By Admin | January 7, 2003

Didn’t get into Sundance, NoDance, or any other of the “Dance” festivals with your work of celluloid genius? You say you blew your savings, retirement funds, and pulled out your last gold filling to make your masterpiece and still didn’t get one single call back? Well sit back, have a brew, and pop in “Wrong Way To Sundance,” a film that proves NO ONE should take the film festival racket too seriously. For some, this could be a little depressing, but for most, this is a pretty comical satire on the aftermath of independent filmmaking.
Done in a mockumentary type style, “Wrong Way To Sundance,” starts off where most filmmakers’ end, at a hopeless state of despair once they realize that their film will never hit the festival circuit. The story unfolds as documentary filmmaker Andy Williams attempts to find a buddy who has been missing for two years due to making his first film. Through this, Andy stumbles across various starry-eyed filmmakers wanting to grasp that golden acceptance letter to Sundance.
Some are funnier than others, but all are familiar to the world of indie filmmaking. The budding filmmaker that drags his wife and kid to the depths of filmmaking hell, the East Coast director whose father thinks he’s an idiot for blowing his last buck on his personal masterpiece, it’s all here. One filmmaker is so impatient that he calls Sundance pretending to be Robert Redford so he can get into the glorified festival. The moment is funny but at the same time a depressing reality of the reaches some filmmakers will go to grab the golden egg.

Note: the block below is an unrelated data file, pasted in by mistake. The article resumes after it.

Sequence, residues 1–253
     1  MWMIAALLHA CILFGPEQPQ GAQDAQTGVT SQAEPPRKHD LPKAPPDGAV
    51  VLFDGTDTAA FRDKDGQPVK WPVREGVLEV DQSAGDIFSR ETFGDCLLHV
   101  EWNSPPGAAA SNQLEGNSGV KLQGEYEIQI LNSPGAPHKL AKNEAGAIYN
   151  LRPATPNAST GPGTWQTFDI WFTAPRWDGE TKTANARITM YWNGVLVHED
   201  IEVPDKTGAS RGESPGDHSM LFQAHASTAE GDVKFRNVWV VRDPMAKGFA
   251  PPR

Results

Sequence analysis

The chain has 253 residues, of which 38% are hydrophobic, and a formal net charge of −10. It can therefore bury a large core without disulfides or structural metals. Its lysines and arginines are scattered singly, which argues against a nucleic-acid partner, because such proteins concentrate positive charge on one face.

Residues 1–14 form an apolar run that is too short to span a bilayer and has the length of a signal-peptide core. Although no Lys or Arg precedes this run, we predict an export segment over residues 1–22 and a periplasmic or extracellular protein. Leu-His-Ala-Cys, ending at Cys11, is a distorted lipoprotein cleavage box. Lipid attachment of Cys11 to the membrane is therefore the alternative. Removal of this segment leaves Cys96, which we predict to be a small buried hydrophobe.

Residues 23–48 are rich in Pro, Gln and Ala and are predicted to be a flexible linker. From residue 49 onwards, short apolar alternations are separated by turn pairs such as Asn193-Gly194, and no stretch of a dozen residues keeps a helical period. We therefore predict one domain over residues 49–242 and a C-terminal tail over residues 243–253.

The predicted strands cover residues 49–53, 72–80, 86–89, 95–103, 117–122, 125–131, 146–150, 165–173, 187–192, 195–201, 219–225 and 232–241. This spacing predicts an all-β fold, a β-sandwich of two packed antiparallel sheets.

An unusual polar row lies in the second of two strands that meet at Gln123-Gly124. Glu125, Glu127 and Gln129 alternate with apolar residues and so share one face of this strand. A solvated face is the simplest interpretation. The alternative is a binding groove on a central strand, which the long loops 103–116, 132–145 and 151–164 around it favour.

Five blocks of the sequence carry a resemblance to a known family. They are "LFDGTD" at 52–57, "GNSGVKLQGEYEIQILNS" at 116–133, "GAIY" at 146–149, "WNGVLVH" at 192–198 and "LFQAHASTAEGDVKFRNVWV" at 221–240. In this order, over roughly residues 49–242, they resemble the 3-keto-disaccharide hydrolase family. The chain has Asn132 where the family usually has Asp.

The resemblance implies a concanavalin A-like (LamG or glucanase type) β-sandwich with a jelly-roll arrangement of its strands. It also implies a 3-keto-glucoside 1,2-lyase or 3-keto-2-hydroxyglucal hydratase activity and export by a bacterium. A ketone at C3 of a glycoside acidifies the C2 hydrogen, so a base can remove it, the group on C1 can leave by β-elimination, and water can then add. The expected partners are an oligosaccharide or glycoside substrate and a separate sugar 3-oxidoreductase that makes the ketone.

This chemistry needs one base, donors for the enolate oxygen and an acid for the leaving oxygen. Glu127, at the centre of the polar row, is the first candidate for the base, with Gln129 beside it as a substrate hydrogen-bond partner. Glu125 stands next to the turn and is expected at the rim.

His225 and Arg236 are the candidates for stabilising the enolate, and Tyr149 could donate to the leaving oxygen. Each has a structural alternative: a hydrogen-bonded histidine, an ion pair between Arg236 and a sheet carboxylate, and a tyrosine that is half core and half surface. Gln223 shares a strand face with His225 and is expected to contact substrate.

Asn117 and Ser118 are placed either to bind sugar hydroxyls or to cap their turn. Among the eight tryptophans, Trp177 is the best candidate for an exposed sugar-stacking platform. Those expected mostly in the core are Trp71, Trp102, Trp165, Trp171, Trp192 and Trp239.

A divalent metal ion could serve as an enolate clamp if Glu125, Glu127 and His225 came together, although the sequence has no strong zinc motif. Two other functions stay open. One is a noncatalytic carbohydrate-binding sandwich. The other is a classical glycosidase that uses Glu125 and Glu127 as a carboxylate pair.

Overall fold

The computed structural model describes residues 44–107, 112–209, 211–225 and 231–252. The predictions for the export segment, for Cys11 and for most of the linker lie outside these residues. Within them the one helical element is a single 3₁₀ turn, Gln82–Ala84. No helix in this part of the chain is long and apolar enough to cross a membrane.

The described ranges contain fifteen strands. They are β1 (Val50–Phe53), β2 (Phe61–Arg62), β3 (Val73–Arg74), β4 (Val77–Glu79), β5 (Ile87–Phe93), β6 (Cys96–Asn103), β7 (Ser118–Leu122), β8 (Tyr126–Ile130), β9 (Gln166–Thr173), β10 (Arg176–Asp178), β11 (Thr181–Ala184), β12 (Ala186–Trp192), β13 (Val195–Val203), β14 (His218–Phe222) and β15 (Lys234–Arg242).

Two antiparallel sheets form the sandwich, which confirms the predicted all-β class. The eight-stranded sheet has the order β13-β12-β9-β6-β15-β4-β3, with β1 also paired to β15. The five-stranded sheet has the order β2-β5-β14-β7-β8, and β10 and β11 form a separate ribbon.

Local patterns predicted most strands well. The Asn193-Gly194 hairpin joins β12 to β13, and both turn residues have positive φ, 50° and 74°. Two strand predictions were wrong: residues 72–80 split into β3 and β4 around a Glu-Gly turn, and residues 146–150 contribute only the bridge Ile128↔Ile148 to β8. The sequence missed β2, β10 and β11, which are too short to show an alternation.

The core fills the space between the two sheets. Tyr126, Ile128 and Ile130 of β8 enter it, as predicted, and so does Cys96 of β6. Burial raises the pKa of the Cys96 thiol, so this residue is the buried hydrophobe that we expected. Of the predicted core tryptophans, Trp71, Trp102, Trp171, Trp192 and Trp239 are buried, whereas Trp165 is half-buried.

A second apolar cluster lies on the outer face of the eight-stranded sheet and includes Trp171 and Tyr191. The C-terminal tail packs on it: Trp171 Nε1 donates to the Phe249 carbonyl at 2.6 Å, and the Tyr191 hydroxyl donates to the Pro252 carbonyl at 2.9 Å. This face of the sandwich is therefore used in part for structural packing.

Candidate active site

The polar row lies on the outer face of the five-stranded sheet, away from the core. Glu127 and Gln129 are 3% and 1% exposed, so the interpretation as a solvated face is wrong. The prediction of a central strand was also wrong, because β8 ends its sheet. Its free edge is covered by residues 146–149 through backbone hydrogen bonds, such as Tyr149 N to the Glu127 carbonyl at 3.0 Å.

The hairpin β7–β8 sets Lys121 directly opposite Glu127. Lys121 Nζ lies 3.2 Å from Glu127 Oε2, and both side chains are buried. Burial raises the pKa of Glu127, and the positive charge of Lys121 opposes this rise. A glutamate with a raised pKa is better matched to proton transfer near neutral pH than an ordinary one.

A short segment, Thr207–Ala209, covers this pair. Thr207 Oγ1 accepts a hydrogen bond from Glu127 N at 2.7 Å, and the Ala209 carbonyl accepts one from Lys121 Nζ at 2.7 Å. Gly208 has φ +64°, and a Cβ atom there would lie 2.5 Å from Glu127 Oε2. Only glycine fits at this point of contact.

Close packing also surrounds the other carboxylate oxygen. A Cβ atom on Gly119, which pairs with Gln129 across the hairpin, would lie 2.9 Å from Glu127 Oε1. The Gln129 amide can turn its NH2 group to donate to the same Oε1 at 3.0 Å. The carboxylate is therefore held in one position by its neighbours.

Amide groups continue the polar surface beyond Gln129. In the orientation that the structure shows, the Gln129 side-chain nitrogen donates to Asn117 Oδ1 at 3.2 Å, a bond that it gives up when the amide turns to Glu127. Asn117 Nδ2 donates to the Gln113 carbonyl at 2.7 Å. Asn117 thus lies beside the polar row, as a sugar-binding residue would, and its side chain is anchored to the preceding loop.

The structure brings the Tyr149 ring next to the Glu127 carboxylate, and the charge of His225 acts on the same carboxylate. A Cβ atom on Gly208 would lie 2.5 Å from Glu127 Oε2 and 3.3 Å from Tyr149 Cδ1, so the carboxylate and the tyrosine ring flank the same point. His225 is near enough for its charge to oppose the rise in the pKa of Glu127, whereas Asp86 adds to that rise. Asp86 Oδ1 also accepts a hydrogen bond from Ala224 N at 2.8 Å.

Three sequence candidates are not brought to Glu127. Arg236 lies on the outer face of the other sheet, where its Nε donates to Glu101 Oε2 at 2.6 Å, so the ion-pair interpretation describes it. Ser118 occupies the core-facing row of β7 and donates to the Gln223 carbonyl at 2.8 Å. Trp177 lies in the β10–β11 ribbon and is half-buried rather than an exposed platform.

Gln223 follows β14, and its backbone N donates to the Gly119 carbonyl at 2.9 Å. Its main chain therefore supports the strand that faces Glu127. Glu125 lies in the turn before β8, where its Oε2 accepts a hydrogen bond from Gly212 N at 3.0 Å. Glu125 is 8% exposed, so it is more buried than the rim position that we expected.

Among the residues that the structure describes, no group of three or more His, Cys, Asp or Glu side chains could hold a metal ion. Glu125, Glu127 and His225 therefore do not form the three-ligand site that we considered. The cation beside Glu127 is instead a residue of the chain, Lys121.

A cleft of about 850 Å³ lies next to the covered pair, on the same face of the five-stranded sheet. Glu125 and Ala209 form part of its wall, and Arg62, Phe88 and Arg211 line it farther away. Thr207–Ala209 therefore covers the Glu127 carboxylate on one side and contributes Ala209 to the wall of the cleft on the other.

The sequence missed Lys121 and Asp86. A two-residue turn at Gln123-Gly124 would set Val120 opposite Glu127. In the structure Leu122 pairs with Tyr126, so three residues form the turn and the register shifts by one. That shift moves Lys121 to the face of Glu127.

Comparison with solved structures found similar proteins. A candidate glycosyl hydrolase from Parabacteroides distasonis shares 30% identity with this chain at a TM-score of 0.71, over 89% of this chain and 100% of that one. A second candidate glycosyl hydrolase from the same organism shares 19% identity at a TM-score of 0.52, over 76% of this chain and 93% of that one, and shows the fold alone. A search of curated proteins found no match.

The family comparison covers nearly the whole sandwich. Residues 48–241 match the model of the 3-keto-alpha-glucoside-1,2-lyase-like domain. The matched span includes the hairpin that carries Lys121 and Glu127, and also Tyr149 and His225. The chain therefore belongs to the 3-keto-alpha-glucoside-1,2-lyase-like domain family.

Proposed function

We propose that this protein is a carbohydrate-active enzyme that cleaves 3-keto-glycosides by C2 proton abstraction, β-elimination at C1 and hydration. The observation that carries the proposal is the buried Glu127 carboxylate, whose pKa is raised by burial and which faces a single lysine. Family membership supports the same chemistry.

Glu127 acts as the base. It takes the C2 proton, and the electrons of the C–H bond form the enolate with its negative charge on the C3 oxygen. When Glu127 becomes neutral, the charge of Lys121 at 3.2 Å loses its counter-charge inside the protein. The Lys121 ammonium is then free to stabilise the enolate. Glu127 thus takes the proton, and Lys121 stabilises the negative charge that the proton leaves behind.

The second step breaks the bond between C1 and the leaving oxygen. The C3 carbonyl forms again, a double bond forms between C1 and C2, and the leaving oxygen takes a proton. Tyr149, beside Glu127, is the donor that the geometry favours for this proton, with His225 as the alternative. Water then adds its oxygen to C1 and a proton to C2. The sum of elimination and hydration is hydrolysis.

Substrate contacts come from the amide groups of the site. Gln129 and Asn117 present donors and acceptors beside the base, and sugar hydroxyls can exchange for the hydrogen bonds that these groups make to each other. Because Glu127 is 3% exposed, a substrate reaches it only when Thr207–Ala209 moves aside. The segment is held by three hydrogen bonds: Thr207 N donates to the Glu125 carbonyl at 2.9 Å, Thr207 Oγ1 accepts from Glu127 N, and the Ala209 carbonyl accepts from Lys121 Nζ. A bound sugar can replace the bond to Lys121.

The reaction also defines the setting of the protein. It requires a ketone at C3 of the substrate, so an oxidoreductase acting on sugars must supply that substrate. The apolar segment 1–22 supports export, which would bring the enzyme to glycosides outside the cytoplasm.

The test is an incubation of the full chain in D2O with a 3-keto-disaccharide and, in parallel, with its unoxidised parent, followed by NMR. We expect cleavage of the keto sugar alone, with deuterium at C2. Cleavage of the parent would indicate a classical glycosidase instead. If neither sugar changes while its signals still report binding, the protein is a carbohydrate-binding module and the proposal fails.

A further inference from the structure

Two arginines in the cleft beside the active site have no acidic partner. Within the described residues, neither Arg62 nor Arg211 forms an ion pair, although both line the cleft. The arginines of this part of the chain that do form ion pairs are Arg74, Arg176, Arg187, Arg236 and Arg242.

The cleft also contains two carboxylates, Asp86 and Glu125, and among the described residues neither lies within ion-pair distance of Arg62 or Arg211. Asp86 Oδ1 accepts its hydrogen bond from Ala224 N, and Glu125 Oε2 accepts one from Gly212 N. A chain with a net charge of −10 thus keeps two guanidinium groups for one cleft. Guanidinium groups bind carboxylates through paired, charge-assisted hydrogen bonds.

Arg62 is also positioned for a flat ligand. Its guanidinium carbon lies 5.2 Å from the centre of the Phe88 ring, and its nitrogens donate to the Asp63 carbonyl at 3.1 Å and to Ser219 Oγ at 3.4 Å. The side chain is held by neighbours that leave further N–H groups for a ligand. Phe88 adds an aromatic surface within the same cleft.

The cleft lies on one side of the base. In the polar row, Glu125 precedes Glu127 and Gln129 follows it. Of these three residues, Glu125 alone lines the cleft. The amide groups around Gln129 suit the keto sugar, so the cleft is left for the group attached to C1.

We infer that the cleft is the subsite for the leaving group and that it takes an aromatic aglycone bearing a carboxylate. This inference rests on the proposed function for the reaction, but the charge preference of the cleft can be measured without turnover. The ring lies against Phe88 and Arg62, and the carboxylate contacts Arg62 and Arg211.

The icing on the cake is Bobby Rembrant who runs a support group called, “The United Alliance Of Failed Filmmakers,” a society that gives support for struggling directors who haven’t gotten into any film festivals. The whole situation makes Alcoholics Anonymous look tame in comparison. For you filmmakers who didn’t get into a festival this year and still struggle to get your film screened, here’s a little six-step program to bring you back to a stable and successful lifestyle.
1. My Film is a failure.
2. No one is interested in my film.
3. My film will not find distribution.
4. The money I spent is gone.
5. My talent lies some place else other than filmmaking.
6. Keep my day job. – This is the most important. This is where the healing really begins.
A filmmaker making a movie about filmmakers is a gutsy move. The movie pokes fun at the world of independent filmmaking but still keeps its heart in the right place. Even though the flick pokes fun at these Sundance hopefuls, it also respects them as well. Yet, one could imagine the possibilities if a real doc would have been made about the aftermath of film festival shock. But for now, I’ll settle with “Wrong Way To Sundance.”

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